And you'll also be reducing your risk of heart attack, stroke, kidney failure, and so on.

(I personally want to see a study saying that ice cream reduces risk, but so far, no luck...)

Laurel

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Laurel - mother (97) diagnosed April, 2011, with LBD; died May, 2014.


Tue Oct 22, 2013 11:58 pm
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Joined: Tue Feb 06, 2007 8:35 pm
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Location: Toronto, Canada
Post Re: Nigella sativa Linn. seed PubMed articles protects neuro
Thanks, Laurel, for your information. I am aware of those risk factors. I have actually been diagnosed with diabetes type II (was gestationally diabetic during my last pregnancy 18 years ago). My blood sugar levels are pretty well controlled on Janumet 50/1000 mg b.i.d. and I am on an anti-hypertensive med. I had my GP do a psychological screening for cognitive impairment, but she stated jokingly that I likely did better than she would have done. She was just probably trying to reassure me for the time being. I am still working fulltime and walk at least 30 mins every weekday and often on weekends. I know I should be doing more exercise, so I'll have to commit to that. I am trying to follow Dr. Furman's nutritional guidelines eating more vegies/fruit and less carbs and staying away from processed foods. I do notice a difference with good lifestyle habits. It's scary nonetheless. I'm probably one of the few people alive who would welcome a cancer diagnosis down the road, rather than a dementia dx.

Poor mom didn't deserve what she went through. She had excellent vitals and no serious illness all throughout her life, very tall slim build, smart though not well educated, grew her own garden and ate fresh vegies often. She neither drank alcohol, nor smoked. I cannot think of any lifestyle vices to attribute to her. She'd been tested for diabetes, even had the OGTT but she was fine. She did have hypothyroidism around the time of diagnosis and noted low levels of B12 and high K, but that was it. To think her super, smart brother (retired, but former high-level management at a national company) is now afflicted with LBD is so shocking. It's nice to still be working with less time to dwell on my fear.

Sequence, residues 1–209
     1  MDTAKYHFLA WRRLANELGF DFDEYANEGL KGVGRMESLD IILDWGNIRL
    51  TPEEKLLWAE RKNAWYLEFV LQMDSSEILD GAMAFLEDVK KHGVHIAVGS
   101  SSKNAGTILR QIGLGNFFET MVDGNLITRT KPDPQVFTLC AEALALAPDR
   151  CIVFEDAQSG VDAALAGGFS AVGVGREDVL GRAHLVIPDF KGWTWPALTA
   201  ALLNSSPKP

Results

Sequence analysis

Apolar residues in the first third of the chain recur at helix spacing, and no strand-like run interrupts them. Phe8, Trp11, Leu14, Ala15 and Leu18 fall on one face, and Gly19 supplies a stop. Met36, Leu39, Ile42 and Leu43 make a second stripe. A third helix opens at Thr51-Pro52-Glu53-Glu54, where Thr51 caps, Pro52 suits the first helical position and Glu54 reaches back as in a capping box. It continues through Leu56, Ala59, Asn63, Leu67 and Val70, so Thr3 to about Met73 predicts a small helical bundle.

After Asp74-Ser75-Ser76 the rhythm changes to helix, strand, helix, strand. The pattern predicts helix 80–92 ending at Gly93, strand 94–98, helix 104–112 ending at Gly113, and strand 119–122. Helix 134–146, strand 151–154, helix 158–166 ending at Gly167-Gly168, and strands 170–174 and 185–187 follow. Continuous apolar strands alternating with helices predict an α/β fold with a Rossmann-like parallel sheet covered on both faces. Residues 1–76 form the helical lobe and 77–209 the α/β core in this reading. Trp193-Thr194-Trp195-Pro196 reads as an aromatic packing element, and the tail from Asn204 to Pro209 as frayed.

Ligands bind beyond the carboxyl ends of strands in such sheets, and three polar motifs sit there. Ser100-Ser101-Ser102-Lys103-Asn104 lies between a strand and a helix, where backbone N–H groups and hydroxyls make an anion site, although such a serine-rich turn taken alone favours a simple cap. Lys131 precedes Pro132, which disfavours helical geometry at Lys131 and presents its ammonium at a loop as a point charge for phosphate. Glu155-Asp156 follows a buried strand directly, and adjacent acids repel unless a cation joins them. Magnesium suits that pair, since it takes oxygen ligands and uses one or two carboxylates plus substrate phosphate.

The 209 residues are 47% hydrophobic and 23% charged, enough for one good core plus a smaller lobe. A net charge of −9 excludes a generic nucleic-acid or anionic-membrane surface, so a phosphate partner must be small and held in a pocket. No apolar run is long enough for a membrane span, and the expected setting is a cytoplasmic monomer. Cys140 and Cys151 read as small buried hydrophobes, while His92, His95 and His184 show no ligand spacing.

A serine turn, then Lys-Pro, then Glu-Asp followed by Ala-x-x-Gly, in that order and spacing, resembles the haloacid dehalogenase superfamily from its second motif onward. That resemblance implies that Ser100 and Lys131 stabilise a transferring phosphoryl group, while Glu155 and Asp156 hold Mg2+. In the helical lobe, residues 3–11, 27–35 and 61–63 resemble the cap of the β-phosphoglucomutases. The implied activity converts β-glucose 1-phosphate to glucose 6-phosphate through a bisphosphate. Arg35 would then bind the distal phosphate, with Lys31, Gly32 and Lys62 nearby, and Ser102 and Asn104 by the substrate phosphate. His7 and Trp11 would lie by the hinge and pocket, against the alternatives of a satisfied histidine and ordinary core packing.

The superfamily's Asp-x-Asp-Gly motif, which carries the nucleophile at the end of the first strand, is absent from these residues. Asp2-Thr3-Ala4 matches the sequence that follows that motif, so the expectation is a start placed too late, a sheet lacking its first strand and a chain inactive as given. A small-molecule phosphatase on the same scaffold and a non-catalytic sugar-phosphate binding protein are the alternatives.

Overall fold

_________________
Dale
[My dear, Mom, Beatrice, (born in 1929) was diagnosed with LBD in Dec 2006. She passed away peacefully on July 12, 2013 at Embassy Hall, Shannex, Quispamsis, N.B.]


Wed Oct 23, 2013 2:51 am
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Joined: Thu Apr 21, 2011 9:07 pm
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Post Re: Nigella sativa Linn. seed PubMed articles protects neuro
Hi Dale,
Sounds like you are doing a good job of managing your health in between many other things in life - it's not easy! (I work 7 days a week, spend several hours after work with my parents every day, and try to help my daughter with her kids as time permits - know about the feeling that there are just not enough hours in the day.)

No one deserves this horrible illness - my mom, like yours, led a healthy life and was a good, kind person. Of course she was healthy until after she turned 94, so she did have a long healthy life, just kept going a little too long. My dad at 97 is still pretty much cognitively intact. I wish we knew more about how to prevent dementia. Working hard on it...

Hang in there, and I hope you are enjoying each day - and with luck, in a few years we will be able to stop LBD cold.
Laurel

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Laurel - mother (97) diagnosed April, 2011, with LBD; died May, 2014.


Sat Oct 26, 2013 12:58 am
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Joined: Tue Feb 06, 2007 8:35 pm
Posts: 51
Location: Toronto, Canada
Post Re: Nigella sativa Linn. seed PubMed articles protects neuro
Laurel, you're an inspiration! Thanks for all you do to keep us informed and encouraged.

I've just ordered a paperback on Amazon by an American neurologist, Dr. Vincent Fortanasce, entitled "The Anti-Alzheimer's Prescription: The Science-Proven Prevention Plan to Start at Any Age". He promotes his "D-E-A-R" program consisting of a healthy Diet, Exercise (particularly isometric), Accentuation of cognitive function through puzzles, etc., and Relaxation (good sleep hygiene) to help me acquire better lifestyle habits. I figure if I study the advice and keep his book in a prominent position where I'll see it everyday, I'll be more motivated to stick to the rigor of self-discipline. Personally, I feel physical exercise may be the most crucial factor in preventing dementia. I see one of my mother's elder brothers (most physically active sibling in her family, always on the go, helping my brothers with construction/renovation projects, serving breakfasts at the Legion, etc., etc., his wife has Alzheimer's, so they shared similar nutrition), yet he remains cognitively intact and vivacious in his late 80's! He came from same gene pool as my mom, ate similar food in identical surroundings (largely produced on his own farm), yet he seems to have side-stepped dementia. He's a joy to behold, but then like your mom, it could just be a matter of time for him; however, he's managed to squeeze a lot of joy out of living longer and healthier than any of his siblings. Ironically, his son has Alzheimer's or LBD (early stage), so go figure, right? Of course, I realize gene expression can be homozygous and heterozygous, etc., still it's fascinating!

Take care,
d.

_________________
Dale
[My dear, Mom, Beatrice, (born in 1929) was diagnosed with LBD in Dec 2006. She passed away peacefully on July 12, 2013 at Embassy Hall, Shannex, Quispamsis, N.B.]


Sat Oct 26, 2013 12:10 pm